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Type: Thesis
Title: Opening a Can of Spacetime Worms: The Metaphysics of Persistence
Author: Wardle, Danny George
Issue Date: 2021
School/Discipline: School of Humanities
Abstract: This thesis is composed of three essays on the perdurantist approach to persistence and identity over time. In Chapter 1, I discuss how the following papers are to be understood as parts of a unified perdurantist account of persistence over time. This chapter also outlines some of my philosophical assumptions and provides some background information about the metaphysics of persistence. In Chapter 2, I respond to the objection that the worm theory is unable to account for our intuitions about ordinary counting sentences. I do this by invoking the standard linguistic phenomenon of covert quantifier domain restriction and supplementing the worm theory with situation semantics. My version of the worm theory makes our intuitive judgements come out true, and it does so well enough that there is no need to adopt the stage theory or revisionary theories of counting. Furthermore, my version of the worm theory offers a unified account of event- and object-related counting. Chapter 3 focuses on a commonly neglected difference between different kinds of perdurantism, which are differences in mereological priority. I discuss three different views: parts-first perdurantism, no-priority perdurantism, and wholes-first perdurantism. I briefly outline all three views and some of the motivations for each of them. I fend off objections from and motivations for no-priority perdurantism. I also contend that intraperdurantist debates about phenomenology ought not to be framed with respect to these forms of perdurantism. Instead, I suggest that the relativity of simultaneity presents an interesting scenario for parts-first and wholes-first perdurantists. I respond to Thomas Pashby’s arguments against the doctrine of temporal parts in Chapter 3. Pashby argues that metaphysicians ought to give an account of how quantum systems persist over time and that nonrelativistic quantum mechanics is incompatible with perdurantism. I contend that his arguments rely on controversial, non-standard assumptions about the existence and importance of time observables. I demonstrate that perdurantists have no problem giving an account of how quantum systems persist over time in reference to an external time parameter. Finally, I conclude with a summary of my arguments and some thoughts about directions for future research.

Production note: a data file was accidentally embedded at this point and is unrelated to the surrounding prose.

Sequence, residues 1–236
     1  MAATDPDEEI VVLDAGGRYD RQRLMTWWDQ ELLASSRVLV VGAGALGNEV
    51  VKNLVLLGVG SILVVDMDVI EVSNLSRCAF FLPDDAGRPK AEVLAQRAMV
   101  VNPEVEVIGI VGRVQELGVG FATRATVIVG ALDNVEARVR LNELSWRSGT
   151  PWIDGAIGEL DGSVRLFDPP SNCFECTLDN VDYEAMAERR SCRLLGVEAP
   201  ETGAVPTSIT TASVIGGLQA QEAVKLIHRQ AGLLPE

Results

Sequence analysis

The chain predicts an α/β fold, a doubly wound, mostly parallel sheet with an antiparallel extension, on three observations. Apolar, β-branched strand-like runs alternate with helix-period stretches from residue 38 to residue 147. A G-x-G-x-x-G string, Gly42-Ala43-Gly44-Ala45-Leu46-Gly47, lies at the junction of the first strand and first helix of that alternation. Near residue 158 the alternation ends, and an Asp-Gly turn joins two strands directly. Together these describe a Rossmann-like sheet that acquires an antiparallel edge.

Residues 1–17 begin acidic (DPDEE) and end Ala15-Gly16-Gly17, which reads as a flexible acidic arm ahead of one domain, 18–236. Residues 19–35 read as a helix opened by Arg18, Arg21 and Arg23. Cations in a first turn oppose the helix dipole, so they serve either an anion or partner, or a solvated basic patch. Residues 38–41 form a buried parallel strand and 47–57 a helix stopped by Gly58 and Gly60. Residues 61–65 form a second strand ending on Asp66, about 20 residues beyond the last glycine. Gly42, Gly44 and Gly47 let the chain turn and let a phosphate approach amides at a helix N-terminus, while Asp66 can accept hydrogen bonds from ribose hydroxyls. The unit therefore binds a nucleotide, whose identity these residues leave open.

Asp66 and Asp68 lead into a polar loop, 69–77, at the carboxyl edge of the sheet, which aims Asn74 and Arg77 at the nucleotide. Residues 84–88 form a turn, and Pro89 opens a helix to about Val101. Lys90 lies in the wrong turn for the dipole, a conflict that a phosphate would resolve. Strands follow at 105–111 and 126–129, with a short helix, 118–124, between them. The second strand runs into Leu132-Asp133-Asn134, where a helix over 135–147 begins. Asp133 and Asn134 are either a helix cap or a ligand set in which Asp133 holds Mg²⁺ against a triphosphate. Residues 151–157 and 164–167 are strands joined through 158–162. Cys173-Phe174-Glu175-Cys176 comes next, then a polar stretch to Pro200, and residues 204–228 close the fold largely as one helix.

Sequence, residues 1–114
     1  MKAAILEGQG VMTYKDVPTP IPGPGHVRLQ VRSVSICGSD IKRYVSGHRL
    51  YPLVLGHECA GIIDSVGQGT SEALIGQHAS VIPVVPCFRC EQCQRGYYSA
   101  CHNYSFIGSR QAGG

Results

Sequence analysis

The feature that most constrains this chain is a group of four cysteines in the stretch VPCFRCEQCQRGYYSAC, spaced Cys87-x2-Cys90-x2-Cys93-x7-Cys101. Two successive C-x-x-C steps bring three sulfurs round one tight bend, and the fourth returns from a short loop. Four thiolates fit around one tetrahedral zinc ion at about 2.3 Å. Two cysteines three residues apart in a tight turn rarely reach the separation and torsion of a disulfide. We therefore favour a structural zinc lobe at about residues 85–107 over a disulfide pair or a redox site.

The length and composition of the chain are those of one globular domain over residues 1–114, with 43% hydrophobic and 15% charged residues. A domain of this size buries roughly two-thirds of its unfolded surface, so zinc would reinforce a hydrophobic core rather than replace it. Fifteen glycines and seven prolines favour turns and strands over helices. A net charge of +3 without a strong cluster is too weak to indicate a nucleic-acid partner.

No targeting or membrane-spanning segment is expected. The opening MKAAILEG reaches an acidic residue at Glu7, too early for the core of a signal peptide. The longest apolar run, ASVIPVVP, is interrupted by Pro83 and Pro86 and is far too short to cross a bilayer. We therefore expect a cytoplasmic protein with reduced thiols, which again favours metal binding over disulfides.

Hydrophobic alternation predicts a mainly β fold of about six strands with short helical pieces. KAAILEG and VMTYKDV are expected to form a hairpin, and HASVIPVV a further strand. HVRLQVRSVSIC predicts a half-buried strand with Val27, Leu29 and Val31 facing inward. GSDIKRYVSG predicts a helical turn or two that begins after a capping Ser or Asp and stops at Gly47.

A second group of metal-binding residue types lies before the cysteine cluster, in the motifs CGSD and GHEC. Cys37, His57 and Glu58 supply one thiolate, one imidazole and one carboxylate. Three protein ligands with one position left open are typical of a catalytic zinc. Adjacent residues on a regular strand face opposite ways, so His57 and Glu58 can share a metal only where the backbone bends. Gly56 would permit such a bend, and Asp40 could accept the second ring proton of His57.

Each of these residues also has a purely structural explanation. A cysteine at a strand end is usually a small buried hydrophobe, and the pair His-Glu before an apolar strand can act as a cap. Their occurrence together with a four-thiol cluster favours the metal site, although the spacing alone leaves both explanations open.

Advisor: Eagle, Antony
Fernandez, Jorge
Dissertation Note: Thesis (Mphil) -- University of Adelaide, School of Humanities, Philosophy, 2021
Keywords: four dimensionalism
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